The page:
A pirate organization has come together in Haradhere, a small coastal town in Somalia, in 2009. To help them survive they created their own pirate stock exchange so people can invest in criminal activity. They hunt the waters of the Indian Ocean and the Gulf of Aden, which links Europe to Asia through the Red Sea.
They have arranged themselves into “companies,” initially starting with 15 of them in the exchange. Since then, that figure has ballooned to 72. The companies had made millions. Lately, they’ve been charging about $4 million for a ransomed ship. Much higher than the original $2-3 million they used to charge before the investments took off. A Reuters article has the following quote from one of the leaders of this operation:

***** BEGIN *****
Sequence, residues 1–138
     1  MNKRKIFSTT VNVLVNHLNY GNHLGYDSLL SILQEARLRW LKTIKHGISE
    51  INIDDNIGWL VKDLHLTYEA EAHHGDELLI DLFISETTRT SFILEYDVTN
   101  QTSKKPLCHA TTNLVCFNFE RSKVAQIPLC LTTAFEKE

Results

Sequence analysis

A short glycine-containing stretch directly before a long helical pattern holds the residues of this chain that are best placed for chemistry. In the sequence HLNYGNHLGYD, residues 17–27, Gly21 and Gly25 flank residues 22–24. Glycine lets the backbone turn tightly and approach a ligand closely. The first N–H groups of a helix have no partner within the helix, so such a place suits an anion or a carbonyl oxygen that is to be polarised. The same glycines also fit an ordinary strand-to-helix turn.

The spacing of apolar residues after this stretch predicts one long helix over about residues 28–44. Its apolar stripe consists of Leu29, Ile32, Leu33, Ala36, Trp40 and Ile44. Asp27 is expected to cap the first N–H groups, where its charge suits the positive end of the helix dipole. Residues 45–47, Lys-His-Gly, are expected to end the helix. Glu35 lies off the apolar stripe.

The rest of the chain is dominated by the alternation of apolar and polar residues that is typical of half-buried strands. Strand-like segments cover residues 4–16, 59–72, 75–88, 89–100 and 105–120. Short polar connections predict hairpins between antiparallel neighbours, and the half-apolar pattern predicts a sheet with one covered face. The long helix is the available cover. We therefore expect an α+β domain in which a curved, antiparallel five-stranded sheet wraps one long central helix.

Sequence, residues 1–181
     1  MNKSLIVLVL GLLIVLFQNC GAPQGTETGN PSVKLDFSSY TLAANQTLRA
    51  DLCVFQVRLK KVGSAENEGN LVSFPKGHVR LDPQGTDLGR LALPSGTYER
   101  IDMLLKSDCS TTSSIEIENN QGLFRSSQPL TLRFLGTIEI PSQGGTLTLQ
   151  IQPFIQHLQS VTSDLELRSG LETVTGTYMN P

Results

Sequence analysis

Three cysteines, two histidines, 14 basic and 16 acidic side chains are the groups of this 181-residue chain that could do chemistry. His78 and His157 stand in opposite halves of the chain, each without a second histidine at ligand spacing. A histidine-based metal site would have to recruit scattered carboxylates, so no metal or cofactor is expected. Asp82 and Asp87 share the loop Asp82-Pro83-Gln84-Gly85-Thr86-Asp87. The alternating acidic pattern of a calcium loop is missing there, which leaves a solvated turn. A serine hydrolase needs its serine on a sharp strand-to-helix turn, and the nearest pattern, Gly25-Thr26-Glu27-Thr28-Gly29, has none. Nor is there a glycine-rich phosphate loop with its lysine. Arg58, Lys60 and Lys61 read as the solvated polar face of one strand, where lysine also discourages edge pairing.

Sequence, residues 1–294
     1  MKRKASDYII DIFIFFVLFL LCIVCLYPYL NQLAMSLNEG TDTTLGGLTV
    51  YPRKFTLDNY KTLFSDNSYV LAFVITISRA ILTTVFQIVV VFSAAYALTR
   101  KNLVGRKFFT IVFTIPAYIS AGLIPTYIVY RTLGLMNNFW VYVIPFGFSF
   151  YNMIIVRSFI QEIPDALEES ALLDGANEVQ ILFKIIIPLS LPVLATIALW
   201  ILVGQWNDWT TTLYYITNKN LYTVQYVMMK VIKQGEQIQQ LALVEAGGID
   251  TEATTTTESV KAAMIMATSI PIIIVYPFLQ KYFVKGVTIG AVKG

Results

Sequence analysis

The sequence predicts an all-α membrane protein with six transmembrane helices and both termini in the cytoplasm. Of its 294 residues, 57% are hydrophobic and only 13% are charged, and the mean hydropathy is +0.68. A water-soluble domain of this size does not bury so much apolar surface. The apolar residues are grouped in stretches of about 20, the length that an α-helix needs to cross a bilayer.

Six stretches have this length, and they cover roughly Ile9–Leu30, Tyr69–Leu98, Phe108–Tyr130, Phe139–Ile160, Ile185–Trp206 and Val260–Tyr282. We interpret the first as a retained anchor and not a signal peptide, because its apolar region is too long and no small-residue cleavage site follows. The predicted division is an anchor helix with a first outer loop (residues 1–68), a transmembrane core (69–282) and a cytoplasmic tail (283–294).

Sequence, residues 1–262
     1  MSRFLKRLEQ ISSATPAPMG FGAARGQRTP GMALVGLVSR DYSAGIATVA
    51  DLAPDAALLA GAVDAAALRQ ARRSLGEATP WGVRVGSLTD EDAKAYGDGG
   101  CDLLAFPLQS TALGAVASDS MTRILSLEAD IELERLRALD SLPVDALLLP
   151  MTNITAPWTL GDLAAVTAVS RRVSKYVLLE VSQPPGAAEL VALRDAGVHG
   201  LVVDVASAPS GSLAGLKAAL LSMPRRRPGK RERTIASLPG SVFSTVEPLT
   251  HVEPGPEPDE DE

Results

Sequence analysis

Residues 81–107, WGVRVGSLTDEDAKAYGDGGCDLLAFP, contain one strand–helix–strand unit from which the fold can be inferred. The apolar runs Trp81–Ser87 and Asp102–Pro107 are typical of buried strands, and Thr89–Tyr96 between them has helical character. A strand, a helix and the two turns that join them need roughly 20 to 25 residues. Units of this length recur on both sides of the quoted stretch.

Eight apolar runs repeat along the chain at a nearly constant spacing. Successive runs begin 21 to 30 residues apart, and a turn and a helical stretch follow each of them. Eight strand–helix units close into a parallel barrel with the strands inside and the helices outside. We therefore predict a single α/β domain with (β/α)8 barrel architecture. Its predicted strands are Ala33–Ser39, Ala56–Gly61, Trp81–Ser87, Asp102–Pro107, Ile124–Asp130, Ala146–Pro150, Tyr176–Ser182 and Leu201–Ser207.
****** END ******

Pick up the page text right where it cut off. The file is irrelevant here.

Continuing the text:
“The shares are open to all, and everybody can take part, whether personally at sea or on land by providing cash, weapons or useful materials … we’ve made piracy a community activity.”
Even the town gets a cut of the ransoms to pay for desperately needed infrastructure. The government doesn’t have the resources to stop this due to fighting rebels backing from The West. Without many other prospects, this sadly leaves many young men lured to the life of piracy.
Some of the other shocking quotes come from a young divorced woman who donated part of her settlement:
“I am waiting for my share after I contributed a rocket-propelled grenade for the operation.” She also added: “I am really happy and lucky. I have made $75,000 in only 38 days since I joined the ‘company’.”
The pirate stock exchange is likely not going to be a viable replacement for the S&P 500. However, it’s still an interesting phenomenon to keep an eye on.